Cyprus Mail

A problem with language and communication

By Clive Turner

Some years ago, I remember writing about the Paphos District Office planning permit department which offered advice on a dire situation in Armou. It seemed some faulty construction by a developer meant that the department had to issue some notices stating that the properties were not fit for human habitation. The occupants were required to leave. I will not name the self-regarding official who issued the notices, but he ensured all the information for the residents was in Greek, pointing out that “Yes, everything is indeed in Greek – which is the language of this country”. To be strictly accurate, there are two official languages here as set down by the constitution.

That aside, this precious and unhelpful individual had clearly not noticed that Cyprus has become somewhat multi-cultured these days, to say nothing of the fact that all the affected residents were expatriates.

What would it have taken to have had a translation prepared in English alongside the Greek version? The home owners were suffering enough unhappiness without some unfeeling and pompous jobs-worth needlessly adding to their distress.

I have never forgotten this prime example of official dismissiveness, although nobody is in a position to criticise Cypriots when they come back at us expatriates and suggest, occasionally quite forcibly, that if we come to live here then we should learn the language. And all too few have taken the time and trouble to do just that. But hey, we contribute to the community in such a wide variety of ways, adding tax payments, indirect wealth and direct employment in many, many contexts. So, how about a little goodwill from those born and brought up here? It wouldn’t come amiss.

This brings me to the entire Greek language xenophobia thing, where we find all notices in hospitals are only in Greek. It’s all fair enough, but it might be remembered that large numbers of non-Greek speakers/readers attend these already confusing places and could do with a smidgeon of help in this regard. Moreover, take home your medicine from the hospital or a private pharmacy and within the container all the details about the medicine are in Greek – which could be genuinely dangerous. This is especially so in the hands of elderly patients or those less able than they once were to immediately understand medical instructions given all too briefly by the doctor, nurse or pharmacist.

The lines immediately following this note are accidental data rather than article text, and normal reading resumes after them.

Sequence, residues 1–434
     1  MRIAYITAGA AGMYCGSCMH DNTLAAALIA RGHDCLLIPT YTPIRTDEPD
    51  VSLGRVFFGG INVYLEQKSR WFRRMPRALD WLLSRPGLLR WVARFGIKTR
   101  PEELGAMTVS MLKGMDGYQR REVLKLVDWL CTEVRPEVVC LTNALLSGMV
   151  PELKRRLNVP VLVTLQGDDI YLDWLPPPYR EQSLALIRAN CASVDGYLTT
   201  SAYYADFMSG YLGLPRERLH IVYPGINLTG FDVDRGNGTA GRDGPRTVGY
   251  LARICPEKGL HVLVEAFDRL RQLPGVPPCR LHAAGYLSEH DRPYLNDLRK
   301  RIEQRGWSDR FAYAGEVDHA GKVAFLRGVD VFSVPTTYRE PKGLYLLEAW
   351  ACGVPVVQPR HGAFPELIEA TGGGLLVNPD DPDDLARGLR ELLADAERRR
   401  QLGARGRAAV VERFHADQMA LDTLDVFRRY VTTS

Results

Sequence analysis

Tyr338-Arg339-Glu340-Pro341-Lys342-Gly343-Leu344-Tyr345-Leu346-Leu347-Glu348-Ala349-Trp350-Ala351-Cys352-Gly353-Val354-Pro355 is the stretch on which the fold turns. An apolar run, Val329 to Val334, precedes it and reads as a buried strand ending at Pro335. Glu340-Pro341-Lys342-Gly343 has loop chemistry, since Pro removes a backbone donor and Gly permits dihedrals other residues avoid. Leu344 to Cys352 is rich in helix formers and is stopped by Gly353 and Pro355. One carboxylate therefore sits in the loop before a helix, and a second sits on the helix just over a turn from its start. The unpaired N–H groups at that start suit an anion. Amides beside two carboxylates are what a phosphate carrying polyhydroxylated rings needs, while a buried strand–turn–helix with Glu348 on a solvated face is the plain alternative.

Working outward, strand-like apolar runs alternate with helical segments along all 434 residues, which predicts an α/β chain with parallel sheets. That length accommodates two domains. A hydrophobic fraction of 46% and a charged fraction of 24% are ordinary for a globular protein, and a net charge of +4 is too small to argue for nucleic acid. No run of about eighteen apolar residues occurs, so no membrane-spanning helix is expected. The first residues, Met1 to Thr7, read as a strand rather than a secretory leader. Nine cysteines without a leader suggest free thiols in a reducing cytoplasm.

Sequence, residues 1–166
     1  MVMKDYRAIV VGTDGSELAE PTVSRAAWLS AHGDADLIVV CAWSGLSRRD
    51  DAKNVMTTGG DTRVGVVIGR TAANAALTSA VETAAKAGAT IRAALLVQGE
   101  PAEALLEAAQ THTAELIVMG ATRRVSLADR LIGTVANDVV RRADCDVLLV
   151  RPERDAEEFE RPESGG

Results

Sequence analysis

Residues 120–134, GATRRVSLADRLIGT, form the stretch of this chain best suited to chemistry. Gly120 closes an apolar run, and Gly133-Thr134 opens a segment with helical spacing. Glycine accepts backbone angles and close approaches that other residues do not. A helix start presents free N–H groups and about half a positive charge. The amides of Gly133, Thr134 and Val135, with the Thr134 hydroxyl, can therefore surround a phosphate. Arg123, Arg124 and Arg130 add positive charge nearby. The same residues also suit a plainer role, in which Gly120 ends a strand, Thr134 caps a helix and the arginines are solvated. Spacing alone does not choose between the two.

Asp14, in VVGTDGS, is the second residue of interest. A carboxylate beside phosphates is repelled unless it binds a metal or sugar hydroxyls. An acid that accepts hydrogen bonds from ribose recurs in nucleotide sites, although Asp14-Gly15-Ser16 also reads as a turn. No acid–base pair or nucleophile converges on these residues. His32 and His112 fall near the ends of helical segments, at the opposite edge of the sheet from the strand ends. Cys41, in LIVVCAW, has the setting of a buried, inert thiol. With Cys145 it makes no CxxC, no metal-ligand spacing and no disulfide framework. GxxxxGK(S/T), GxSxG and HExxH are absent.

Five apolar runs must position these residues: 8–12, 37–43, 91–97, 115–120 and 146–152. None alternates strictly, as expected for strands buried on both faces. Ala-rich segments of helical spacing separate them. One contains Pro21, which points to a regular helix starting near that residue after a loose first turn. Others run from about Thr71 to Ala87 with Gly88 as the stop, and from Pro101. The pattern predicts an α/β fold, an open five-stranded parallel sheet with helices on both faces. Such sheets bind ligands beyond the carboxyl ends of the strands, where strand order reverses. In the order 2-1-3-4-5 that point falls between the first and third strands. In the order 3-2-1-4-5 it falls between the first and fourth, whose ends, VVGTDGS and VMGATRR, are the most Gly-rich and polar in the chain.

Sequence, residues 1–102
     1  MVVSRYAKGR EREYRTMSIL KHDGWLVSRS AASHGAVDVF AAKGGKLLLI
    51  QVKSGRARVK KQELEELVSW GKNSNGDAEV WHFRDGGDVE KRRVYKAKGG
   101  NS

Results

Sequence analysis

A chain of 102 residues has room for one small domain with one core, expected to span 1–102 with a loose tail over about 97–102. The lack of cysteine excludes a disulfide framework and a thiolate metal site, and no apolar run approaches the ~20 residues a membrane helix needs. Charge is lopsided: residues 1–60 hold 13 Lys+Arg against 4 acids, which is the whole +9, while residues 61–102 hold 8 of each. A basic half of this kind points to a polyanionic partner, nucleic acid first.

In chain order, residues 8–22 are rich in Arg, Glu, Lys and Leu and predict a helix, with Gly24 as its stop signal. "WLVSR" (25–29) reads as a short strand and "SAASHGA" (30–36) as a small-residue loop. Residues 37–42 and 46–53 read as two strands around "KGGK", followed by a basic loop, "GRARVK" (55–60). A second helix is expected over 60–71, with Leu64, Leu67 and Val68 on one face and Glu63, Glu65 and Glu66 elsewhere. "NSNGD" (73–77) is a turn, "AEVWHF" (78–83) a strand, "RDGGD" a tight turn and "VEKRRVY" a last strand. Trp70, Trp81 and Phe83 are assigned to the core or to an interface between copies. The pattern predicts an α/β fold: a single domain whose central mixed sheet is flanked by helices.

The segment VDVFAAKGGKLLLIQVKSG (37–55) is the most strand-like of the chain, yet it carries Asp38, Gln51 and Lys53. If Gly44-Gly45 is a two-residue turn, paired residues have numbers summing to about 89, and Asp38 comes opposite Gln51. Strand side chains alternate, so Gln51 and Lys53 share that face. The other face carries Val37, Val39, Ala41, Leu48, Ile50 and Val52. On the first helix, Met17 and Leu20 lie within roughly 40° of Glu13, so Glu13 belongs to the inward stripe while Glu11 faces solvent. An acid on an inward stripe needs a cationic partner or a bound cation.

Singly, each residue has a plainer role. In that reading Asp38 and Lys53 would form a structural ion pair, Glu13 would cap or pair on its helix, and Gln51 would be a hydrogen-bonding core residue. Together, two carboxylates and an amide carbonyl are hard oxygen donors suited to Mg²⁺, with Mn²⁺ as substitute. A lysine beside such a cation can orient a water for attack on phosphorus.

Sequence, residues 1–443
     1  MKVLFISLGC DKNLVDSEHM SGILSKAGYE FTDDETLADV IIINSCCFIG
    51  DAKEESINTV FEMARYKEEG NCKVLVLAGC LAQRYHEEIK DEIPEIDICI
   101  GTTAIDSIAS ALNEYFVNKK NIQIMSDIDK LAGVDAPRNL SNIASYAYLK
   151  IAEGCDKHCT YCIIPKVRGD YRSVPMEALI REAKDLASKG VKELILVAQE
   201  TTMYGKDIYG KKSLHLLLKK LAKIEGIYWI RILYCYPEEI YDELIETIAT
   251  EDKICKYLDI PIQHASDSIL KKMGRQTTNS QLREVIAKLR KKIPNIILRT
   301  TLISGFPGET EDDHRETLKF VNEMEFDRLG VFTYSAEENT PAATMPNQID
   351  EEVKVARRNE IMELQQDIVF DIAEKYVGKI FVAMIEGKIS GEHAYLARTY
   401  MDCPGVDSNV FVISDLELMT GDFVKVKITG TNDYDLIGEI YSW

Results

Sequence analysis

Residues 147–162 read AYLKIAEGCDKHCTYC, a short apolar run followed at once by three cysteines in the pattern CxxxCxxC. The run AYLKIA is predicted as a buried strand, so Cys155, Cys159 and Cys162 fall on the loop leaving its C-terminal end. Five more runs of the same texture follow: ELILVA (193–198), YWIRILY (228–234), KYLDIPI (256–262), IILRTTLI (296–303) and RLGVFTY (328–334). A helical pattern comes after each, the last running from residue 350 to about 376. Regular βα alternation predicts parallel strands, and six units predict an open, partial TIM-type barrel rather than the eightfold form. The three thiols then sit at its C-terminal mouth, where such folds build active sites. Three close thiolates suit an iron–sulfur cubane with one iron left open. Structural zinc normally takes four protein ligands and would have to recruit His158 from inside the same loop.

Inasmuch as communication is naively believed by the government to be in good shape, why is that ministries, well paid ministers, officials, and other more than adequately supported public figures seem unable, or unwilling, to answer civil and polite correspondence or contact? And whether it be in Greek or English, any response is as rare as hens’ teeth.

Are these people so desperately busy they simply have no time for anything other than serving the requirements of anybody other than our peripatetic president? Are they so desperately busy they have no time or will to lift a telephone or use a computer for fear of saying or writing something they might later come to regret? Are their lives so fraught with risk?

The ‘great and the good’ live in a different world of ludicrously and unnecessarily expensive official cars, out of kilter salaries, and over-stuffed departmental levels – all of which contribute towards a ‘them and us’ culture, which militates against efficiency and sensible governance. The feeling that our masters and mistresses have lost the plot and have their being on another planet is all pervasive and overwhelming.

I have seen all this in nearly 15 years of approaches to ministers, ministries, officials, and even the president, (whose office once memorably asked me to accept the president’s good wishes for health and happiness – but didn’t answer my queries).

Finally, the evil practice of rusfeti is the bane of Cypriot culture. It is a dreadful sub culture, but Greek Cypriot friends tell me that although near tragic and appalling, it is deeply embedded within the Cypriot psyche and will never change.

If this is so, then there will be an increasingly limited opportunity for the best people to get their hands on the tiller and steer Cyprus back into the real world. A world where the economy can thrive, political honesty can become the norm, and where something as basic as answering approaches from the great unwashed publlc, as we are all clearly labelled might one day be restored.

Officialdom is terrified of being publicly accountable, and such a civic disease is truly holding back the further development of this intelligent, flourishing, regionally significant, important and potentially influential end of the Eastern Mediterranean.

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